"It is a well-known saying in tractate Psohim," he said, "that one should be ready to sell his all in order to marry his daughter to a scholar.' On the other hand, 'to give your daughter in marriage to a boor is like giving her to a lion.' Again, in tractate Berochath we learn that 'to give shelter to a scholar bent upon sacred studies, and to sustain him from your estates, is like offering sacrifices to God'; and 'to give wine to such a student is, according to a passage in tractate Sota, 'tantamount to pouring it out on an altar.'"
Glances converged on Reb Lippe and the prodigy by his side.
Proceeding with his argument, the learned preacher, by an ingenious chain of quotations and arithmetical operations upon the numerical value of letters, arrived at the inference that compliance with the above teachings was one of the necessary conditions of securing a place in the Garden of Eden.
All of which filled Asriel's heart with a new dread of the world to come and with a rankling grudge against Reb Lippe. He came away from the synagogue utterly crushed, and when he reached his inn the prodigy was the prevailing subject of his chat with the landlord.
In the evening of the same day, at the conclusion of the Sabbath, the auction of another good deed took place, and once more the purses of Reb Lippe and Asriel clashed in desperate combat.
The room (at the residence of one of the young man's uncles) was full of bearded Jews, tobacco smoke, and noise. There were Shaya, the prodigy himself, his two uncles, Reb Lippe, his eldest son, and two of his lieutenants, Asriel, his landlord, and a matchmaker. A live broad-shouldered samovar, its air-holes like so many glowing eyes, stood in the center of the table. Near it lay Flora's photograph, representing her in all the splendor of Grand Street millinery.
The youthful hero of the day eyed the portrait with undisguised, open-mouthed curiosity, till, looked out of countenance by the young lady's doleful, penetrating eyes, he turned from it, but went on viewing it with furtive interest.
His own formula of a bride was a hatless image. The notion, therefore, of this princess becoming his wife both awed him and staggered his sense of decorum. Then the smiling melancholy of the Semitic face upset his image of himself in his mind and set it afloat in a haze of phantasy. "I say you need not look at me like that," he seemed to say to the picture. "Pshaw! you are a Jewish girl after all, and I am not afraid of you a bit. But what makes you so sad? Can I do anything for you? Why don't you answer? Do take off that hat, will you?"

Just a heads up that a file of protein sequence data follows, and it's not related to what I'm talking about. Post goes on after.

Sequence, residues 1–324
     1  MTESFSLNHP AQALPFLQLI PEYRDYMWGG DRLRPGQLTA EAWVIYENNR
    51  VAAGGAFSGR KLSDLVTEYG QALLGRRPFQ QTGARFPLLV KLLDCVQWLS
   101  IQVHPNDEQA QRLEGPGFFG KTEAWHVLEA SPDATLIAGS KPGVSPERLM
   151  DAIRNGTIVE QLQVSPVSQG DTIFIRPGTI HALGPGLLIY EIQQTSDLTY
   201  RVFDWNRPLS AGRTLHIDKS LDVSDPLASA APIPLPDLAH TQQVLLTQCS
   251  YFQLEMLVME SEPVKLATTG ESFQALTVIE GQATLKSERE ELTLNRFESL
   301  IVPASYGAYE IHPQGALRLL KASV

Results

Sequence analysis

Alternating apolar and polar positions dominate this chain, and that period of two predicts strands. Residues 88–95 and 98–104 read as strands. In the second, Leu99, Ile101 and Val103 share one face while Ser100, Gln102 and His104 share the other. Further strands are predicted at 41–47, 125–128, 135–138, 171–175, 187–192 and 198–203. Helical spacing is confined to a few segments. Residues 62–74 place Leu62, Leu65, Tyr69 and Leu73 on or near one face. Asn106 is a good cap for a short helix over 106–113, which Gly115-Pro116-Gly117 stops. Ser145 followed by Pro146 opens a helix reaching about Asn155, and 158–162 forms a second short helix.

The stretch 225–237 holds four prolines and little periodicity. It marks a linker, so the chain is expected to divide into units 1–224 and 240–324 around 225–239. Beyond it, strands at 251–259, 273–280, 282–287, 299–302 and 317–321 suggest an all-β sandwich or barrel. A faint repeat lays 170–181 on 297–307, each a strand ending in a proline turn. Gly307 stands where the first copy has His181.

Reb Lippe's daughter did not wear a hat, but she was not to his liking, and he now became aware of it. On the other hand, the word "America" had a fascinating ring, and the picture it conjured was a blend of Talmudic and modern glory.
Reb Lippe's venerable beard was rippled with a nervous smile.
"Yes, I am only a boor!" roared Asriel, with a touch of Bounderby ostentation. "But you know it is not myself I want the boy to marry. Twenty thousand rubles, spot cash, then, and when the old boor takes himself off, Shaya will inherit ten times as much. She is my only child, and when I die--may I be choked if I take any of my houses into the grave. Worms don't eat houses, you know."
The quality of his unhackneyed phrase vexed the sedate old talmudists, and one of them remarked, as he pointed a sarcastic finger at the photograph: "Your girl looks like the daughter of some titled Gentile. Shaya is a Jewish boy."
"You don't like my girl, don't you?" Asriel darted back. "And why, pray? Is it because she is not a lump of ugliness and wears a hat? The grand rabbi of Wilna is as pious as any of you, isn't he? Well, when I was there, on my way here, I saw his daughter, and she also wore a hat and was also pretty. Twenty thousand rubles!"
By this time the prodigy was so absorbed in the proceedings that he forgot the American photograph, as well as the bearing which the auction in progress had upon himself. Leaning over the table as far as the samovar would allow, and propping up his face with both arms, he watched the scene with thrilling but absolutely disinterested relish.